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ECJ at odds with AG on European Arrest Warrants and double jeopardy in first reference from Croatian criminal courts

25/07/18, EU/Competition

The Court of Justice of the European Union (“CJEU”) has given judgment in Case C-268/17 AY, an important case concerning the European Arrest Warrant system.  In May, we reported here on the Opinion of AG Szpunar in the same case. The preliminary ruling was given in the context of the first preliminary reference from the Croatian criminal courts since the Republic of Croatia’s accession to the European Union in 2013. 

The contrast between AG Szpunar’s Opinion and the Judgment of the Court also exposes significant differences as to (1) the criteria for admissibility of a preliminary reference; and (2) the scope of the grounds of non-execution of European Arrest Warrants (“EAWs”).

The case concerns two EAWs issued by the Croatian courts in respect of an individual, AY, who is the subject of criminal proceedings in Croatia.  The Hungarian authorities refused to execute the first EAW, because the same allegations had already been investigated in Hungary, and the investigation had been closed with no further proceedings. 

The Croatian court referred a number of questions to the CJEU, relating to whether the Hungarian authorities were entitled to refuse to execute the EAWs. 

AG Szpunar had considered that the majority of the questions referred were inadmissible because irrelevant to the Croatian criminal trial proceeding in AY’s absence, and an attempt by the Croatian court to “apply and interpret the law of the executing Member State” which “moves dangerously close to a breach of… mutual trust” between Member States (para 32 of the Opinion).  The Court has found that all of the questions referred were admissible because they “enjoy a presumption of relevance” (para 25) and because the Croatian authorities might decide to withdraw the EAWs (para 27).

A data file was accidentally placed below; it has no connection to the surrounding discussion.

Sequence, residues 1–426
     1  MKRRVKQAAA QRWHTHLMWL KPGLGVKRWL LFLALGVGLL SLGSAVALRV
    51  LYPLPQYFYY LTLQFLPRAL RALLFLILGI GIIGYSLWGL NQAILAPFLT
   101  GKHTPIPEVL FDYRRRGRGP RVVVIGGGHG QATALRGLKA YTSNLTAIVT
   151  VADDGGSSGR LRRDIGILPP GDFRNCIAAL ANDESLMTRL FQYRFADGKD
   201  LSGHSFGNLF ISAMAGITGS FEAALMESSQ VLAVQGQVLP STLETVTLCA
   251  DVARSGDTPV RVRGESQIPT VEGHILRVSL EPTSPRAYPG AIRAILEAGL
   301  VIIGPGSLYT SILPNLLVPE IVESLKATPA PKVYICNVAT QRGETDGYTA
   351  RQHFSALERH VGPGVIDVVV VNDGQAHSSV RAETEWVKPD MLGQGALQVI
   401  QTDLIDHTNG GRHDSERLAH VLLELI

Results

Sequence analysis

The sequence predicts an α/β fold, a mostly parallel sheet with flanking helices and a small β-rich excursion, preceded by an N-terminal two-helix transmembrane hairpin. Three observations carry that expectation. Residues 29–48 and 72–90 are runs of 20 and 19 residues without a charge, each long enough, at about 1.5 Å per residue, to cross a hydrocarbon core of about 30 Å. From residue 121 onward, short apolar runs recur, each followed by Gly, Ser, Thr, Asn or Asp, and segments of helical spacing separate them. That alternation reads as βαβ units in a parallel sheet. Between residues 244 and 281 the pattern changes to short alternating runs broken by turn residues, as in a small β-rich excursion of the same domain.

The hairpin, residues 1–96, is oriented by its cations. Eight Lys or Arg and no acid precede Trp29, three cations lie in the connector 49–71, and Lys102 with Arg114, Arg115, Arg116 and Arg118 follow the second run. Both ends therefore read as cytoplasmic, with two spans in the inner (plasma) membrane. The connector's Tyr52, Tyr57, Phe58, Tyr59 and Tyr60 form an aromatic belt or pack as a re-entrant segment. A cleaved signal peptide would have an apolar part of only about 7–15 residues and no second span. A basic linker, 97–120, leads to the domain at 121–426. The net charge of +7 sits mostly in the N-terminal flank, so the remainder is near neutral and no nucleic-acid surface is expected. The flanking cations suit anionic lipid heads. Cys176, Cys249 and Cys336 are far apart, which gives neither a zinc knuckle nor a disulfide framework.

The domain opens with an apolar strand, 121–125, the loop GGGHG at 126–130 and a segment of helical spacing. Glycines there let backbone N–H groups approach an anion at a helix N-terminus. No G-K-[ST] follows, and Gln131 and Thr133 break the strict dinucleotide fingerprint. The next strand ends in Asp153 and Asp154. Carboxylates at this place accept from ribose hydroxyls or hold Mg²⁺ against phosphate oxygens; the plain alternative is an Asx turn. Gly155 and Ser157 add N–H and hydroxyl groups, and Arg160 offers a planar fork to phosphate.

On the substance of the questions referred, the Court agreed with AG Szpunar on the following points:

  1. Like the AG (paras 35-39 of the Opinion), the Court found that an executing Member State is obliged to adopt a decision on each EAW issued in respect of a requested person, even if an EAW had previously been issued in respect of the same person by the same Member State (paras 32-36).
  2. The Court considered that the mandatory ground of non-execution in Article 3(2) of Council Framework Decision 2002/584/JHA (the “Framework Decision”) did not apply to this case, because AY had been interviewed as a witness in the Hungarian proceedings, rather than being a suspect or defendant to them (paras 38-46).  This was also the Opinion of the Advocate General (paras 45-47 of the Opinion).

The Court differed substantially from the Advocate General in relation to the application of the optional ground for non-execution in Article 4(3) of the Framework Decision.  Importantly, the Court held that this and the other grounds for non-execution of a European Arrest Warrant “must be interpreted strictly” (para 52).  Since the Hungarian investigation was conducted against an unknown person, it could not give rise to the application of Article 4(3) (para 58).  AG Szpunar’s opinion had been that the executing Member State could refuse to execute the EAW where the requested person had not been a suspect in the executing Member State’s proceedings, provided that the authorities had examined the possibility that he had committed the offence (paras 58-69 of the Opinion). 

The judgment of the CJEU is here.

Maya Lester QC and Sarah Abram represented AY, the individual who is the subject of the European Arrest Warrant, instructed by Peters & Peters Solicitors LLP.  Jonathan Scott assisted with this case during his pupillage.

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